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The Way it Looks From Here
Book Review by Lorna Jackson

By Stephen Brunt. Knopf Canada, 416 pp. $37.95, hardcover.

Globe and Mail columnist and author Stephen Brunt calls The Way it Looks From Here: Contemporary Canadian Writing on Sports "a very subjectively assembled cross-section of some of the best Canadian writing on sport". Page one and already he's defensive.

The sports beat may be known as the playpen, but Brunt shouldn't fret about including low-lustre deadline writing, "rapidly becoming a lost art" by "the last of a dying breed". (PU, Steve. Stinks like a slotback's cup at half-time.) The dozen clock watchers he chose beautifully, breathlessly report big news like the 1988 Mike Tyson Michael Spinks one-rounder (Milt Dunnell) and Mike Weir's Masters win (Cam Cole).

Brunt should strut, too, over his Kreskin moves: a 1994 Dunnell piece, written mid baseball strike, on the pride of Maple Ridge, Larry Walker (near-hero in this year's World Series); a 1992 feature by Gare Joyce on a nasty Montreal neighbourhood that bred the NFL's Tommy Kane (the former Seattle Seahawks wide receiver who just got 18 years for killing his wife). Brunt's good choices—most—sew past to present to future with magical stitches.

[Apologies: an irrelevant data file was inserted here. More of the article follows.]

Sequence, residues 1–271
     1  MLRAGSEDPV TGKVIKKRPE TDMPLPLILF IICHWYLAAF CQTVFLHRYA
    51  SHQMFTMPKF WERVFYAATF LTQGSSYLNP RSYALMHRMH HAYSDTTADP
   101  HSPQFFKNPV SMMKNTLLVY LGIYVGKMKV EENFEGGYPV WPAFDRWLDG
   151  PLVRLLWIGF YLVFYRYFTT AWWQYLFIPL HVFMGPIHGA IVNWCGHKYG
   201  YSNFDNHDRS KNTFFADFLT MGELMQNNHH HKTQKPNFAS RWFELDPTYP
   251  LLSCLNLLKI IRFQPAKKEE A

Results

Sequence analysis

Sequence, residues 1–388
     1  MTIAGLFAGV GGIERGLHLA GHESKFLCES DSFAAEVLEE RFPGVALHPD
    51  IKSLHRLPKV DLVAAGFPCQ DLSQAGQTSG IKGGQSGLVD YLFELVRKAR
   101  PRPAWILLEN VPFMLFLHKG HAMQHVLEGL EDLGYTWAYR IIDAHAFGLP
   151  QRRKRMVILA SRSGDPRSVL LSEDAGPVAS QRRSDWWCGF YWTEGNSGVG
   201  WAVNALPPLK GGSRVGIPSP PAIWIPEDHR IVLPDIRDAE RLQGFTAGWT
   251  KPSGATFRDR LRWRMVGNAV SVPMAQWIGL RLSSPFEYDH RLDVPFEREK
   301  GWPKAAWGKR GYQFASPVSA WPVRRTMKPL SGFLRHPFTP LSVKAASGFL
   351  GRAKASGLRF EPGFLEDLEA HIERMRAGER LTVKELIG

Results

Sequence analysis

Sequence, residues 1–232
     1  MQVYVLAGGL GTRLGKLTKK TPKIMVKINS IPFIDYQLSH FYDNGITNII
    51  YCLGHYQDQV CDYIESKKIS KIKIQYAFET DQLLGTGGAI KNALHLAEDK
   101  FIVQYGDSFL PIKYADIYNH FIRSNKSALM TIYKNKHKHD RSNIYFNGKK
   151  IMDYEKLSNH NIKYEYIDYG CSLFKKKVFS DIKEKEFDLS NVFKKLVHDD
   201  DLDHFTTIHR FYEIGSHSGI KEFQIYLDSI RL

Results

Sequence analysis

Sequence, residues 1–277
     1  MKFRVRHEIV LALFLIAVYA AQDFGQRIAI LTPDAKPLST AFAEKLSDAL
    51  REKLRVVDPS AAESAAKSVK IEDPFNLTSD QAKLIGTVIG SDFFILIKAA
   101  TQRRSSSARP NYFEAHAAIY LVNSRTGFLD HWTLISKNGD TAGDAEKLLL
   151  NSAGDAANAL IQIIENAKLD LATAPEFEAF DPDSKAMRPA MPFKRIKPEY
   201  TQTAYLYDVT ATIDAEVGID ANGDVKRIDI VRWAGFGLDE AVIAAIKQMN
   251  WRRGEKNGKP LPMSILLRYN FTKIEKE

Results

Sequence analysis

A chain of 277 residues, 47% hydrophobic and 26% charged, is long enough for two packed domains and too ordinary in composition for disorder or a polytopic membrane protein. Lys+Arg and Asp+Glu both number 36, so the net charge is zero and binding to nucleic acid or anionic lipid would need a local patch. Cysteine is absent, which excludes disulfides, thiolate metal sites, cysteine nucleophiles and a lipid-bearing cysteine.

This reviewer asked a teenager—edits school newspaper, Serena Williams like backhand, loves Ed Jovanovski and Joe Cocker—how many articles about or by women a book claiming to be "essential reading for every serious sports fan" should include. Like Annika Sorenstam scoping a dogleg, she gazed far, far away. "Two-thirds." And two-thirds of 45 equals?

Nice try. Quickies by Rosie DiManno and Christie Blatchford on the Olympic hockey teams; figure skating's Beverley Smith meat; a 1992 report—timely, given how swimmers were browbeaten post-Athens—on the still-sad Elaine Tanner. C'est tout. (We'll ignore the one about wrestler Owen Hart's litigious widow.)

Anthologies invite griping over left out faves: Dave Bidini, Roy MacGregor, Gary Mason in Russia, Toro. But whaddabout the dames? Saturday Night's Lorie Kane story? Not. No Sandra Schmirler, Perdita Felicien, Silken Laumann, or under-19 socceristas. No Allison Griffiths describing Bobby Hull's balls? No naughty Mary Ormsby, who dared kick sand at touchy-feely hockey scribes by calling Dany Heatley a punk with lousy values? Very subjective, oh yeah.

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